The Federal Energy Regulatory Commission Thursday approved a plan allowing the New York grid operator to institute a system to control electricity price spikes in the state’s supply-constrained market.
However, FERC said because of concerns the so-called “automated mitigation procedure” could hold down prices at times when market power is not the cause for high or volatile bids, it set an expiration date of Oct. 31.
That will allow the New York Independent System Operator to get through summer. The ISO said the extra check was needed because prices could exceed an existing $1,000/Mw-hr energy bid cap on “super-peak” demand days.
ISO Pres. Richard Museler Friday denied the system constituted a bid cap and said it will “carefully slice out” uncompetitive conduct without damaging the free market. “We believe this customized approach is quite advanced, and is the first of its kind in any wholesale electricity market in the nation,” he said.
Museler also said the plan will not eliminate price spikes caused by true scarcity, one of FERC’s concerns, but only those caused by economic withholding. He said it is preferable to fixed caps that can reduce supply from internal sources or imports with marginal costs higher than the bid cap, to soft bid caps that may also reduce resources in New York, and retroactive remedies that could cause price uncertainty.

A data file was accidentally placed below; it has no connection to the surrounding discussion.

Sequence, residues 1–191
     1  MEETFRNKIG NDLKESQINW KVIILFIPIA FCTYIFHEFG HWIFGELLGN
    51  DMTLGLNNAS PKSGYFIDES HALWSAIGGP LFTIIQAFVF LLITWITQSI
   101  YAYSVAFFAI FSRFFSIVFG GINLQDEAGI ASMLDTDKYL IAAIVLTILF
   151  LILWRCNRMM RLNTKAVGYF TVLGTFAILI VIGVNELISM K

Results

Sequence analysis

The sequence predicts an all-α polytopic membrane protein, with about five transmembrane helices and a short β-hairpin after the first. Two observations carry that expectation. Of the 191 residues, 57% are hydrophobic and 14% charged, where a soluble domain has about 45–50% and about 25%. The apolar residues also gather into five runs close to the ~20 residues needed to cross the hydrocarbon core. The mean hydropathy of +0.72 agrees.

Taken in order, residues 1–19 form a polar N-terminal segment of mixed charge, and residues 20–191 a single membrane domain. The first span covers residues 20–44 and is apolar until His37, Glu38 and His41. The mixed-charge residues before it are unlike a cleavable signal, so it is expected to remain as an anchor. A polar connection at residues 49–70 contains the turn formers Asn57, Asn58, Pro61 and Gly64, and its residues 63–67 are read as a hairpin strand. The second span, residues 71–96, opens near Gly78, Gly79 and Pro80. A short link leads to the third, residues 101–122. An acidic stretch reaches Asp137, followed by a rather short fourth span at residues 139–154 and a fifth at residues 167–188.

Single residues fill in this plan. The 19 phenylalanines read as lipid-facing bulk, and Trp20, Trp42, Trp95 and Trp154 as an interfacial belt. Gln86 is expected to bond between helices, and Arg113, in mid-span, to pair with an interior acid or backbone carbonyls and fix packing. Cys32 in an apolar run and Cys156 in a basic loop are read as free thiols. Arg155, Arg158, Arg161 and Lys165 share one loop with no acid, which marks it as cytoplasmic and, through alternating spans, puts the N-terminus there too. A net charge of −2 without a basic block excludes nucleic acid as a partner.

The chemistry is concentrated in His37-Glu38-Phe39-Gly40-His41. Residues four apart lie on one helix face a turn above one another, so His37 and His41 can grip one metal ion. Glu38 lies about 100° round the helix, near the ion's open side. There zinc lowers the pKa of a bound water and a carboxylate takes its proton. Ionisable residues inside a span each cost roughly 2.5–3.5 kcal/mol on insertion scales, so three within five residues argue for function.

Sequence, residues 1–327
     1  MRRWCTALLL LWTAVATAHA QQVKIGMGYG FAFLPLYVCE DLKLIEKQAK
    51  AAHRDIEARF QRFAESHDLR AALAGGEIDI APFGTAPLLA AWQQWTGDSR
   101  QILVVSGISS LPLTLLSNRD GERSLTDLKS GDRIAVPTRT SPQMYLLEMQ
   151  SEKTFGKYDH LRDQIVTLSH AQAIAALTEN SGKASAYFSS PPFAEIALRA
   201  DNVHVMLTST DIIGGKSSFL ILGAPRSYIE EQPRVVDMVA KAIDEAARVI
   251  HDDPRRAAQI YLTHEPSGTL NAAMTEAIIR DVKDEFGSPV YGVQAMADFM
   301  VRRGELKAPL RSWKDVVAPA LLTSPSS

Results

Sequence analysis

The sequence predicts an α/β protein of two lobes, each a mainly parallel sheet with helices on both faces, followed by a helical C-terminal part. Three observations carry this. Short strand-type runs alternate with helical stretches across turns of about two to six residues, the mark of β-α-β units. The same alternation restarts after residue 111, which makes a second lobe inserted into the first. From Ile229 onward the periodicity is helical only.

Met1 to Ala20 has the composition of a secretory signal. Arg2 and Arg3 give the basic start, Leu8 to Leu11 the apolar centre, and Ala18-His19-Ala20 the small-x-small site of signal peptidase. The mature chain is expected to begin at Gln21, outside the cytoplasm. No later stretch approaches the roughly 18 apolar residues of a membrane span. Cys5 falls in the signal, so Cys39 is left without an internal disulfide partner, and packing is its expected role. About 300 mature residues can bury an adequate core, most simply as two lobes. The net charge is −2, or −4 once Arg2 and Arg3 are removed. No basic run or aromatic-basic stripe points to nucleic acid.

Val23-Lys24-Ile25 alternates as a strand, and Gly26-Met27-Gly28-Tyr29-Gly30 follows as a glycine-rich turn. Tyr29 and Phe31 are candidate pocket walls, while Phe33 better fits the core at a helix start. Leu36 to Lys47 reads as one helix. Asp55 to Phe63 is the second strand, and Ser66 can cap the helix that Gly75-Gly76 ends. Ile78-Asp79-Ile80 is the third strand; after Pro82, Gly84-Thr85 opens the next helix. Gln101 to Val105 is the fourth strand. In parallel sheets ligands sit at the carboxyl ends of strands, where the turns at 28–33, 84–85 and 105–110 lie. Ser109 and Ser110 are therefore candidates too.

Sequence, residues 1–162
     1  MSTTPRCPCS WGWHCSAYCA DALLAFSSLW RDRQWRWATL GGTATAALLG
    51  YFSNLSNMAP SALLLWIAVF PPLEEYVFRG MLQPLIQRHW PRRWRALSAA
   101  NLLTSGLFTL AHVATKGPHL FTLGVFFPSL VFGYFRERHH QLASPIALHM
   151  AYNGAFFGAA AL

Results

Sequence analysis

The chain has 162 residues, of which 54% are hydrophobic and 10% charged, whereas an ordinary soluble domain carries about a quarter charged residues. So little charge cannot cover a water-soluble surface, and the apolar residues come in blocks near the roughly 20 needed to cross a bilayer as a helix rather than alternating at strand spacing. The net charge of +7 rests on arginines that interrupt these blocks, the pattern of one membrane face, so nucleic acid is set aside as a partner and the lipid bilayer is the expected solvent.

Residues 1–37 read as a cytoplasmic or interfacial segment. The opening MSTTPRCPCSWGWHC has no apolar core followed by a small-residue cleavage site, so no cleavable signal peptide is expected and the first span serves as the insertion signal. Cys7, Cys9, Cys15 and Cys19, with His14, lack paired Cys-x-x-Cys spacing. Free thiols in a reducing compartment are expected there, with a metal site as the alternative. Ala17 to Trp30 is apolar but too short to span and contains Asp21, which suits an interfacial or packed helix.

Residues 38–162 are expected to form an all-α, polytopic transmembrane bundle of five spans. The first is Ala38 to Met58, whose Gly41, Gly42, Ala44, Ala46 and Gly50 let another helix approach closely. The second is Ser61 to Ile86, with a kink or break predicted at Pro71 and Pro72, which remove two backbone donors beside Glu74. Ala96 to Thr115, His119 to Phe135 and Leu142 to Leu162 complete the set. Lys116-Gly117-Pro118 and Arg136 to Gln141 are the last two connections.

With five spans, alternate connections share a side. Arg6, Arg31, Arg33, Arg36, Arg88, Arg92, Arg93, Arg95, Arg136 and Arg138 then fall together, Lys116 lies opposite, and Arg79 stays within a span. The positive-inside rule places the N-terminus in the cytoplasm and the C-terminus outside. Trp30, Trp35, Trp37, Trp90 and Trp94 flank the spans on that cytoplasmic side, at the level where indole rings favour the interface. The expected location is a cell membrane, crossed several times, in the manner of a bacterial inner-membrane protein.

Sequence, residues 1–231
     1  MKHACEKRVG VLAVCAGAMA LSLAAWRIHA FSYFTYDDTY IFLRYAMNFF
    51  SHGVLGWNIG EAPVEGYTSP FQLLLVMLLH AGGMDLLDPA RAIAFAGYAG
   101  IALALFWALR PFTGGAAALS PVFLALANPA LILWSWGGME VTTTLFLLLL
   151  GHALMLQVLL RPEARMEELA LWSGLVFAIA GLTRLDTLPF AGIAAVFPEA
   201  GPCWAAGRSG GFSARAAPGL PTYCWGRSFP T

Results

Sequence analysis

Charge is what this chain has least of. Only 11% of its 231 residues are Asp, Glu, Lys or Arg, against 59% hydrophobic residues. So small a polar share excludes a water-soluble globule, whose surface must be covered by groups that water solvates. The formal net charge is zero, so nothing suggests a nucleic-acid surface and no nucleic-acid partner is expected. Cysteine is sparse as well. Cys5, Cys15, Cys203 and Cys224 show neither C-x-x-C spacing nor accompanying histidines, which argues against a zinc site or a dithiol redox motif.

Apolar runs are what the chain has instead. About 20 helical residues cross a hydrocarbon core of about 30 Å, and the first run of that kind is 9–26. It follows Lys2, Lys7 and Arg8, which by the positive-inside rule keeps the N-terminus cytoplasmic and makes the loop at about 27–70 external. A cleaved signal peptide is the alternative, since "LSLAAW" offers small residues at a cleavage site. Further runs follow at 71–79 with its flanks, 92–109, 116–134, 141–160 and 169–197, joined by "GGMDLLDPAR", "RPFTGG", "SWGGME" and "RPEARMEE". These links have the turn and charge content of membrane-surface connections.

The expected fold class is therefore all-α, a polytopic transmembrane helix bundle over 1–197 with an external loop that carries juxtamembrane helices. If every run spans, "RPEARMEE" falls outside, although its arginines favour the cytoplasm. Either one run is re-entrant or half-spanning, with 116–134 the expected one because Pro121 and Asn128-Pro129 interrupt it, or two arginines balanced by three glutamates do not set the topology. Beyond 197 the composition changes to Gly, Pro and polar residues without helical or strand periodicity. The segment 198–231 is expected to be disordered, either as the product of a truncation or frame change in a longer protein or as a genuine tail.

Even though the ISO has tools to restrain uncompetitive behavior once it’s spotted and few examples of such behavior have ever surfaced, Museler said the FERC-approved plan prospectively eliminates the problem before noncompetitive bids set the market clearing price.
Under the plan, the ISO will automatically review generators’ bids when power prices exceed $150/Mw-hr when plants are off line and during times of high demand. Bids more than $100 or 300% above historic averages for an individual plant will be reviewed for signs of market manipulation.
If a generator can’t explain the deviation, the ISO would automatically lower the bid to the historic average. The ISO claimed the procedure would have resulted in mitigation in less than 0.25% of the hours in 2000.
In setting the October deadline, FERC agreed with generators the proposal may not provide “sufficient consultation” to establish particular bids were attempts to exercise market power. Federal regulators said they do not share the ISO’s view automatic mitigation is best done based solely on an examination of bidding behavior without determining if there is an underlying structural market power problem.
FERC said, for instance, transmission constraints into New York City could confer market power on all sellers in such a load pocket. It said it preferred the more limited approach used by PJM Interconnection Inc., the mid-Atlantic grid operator, and ISO New England.
New York officials also urged FERC to institute a separate proposal pending before the commission that would allow the ISO to assess fines and publicize the names of generators’ deemed to be charging excessive prices.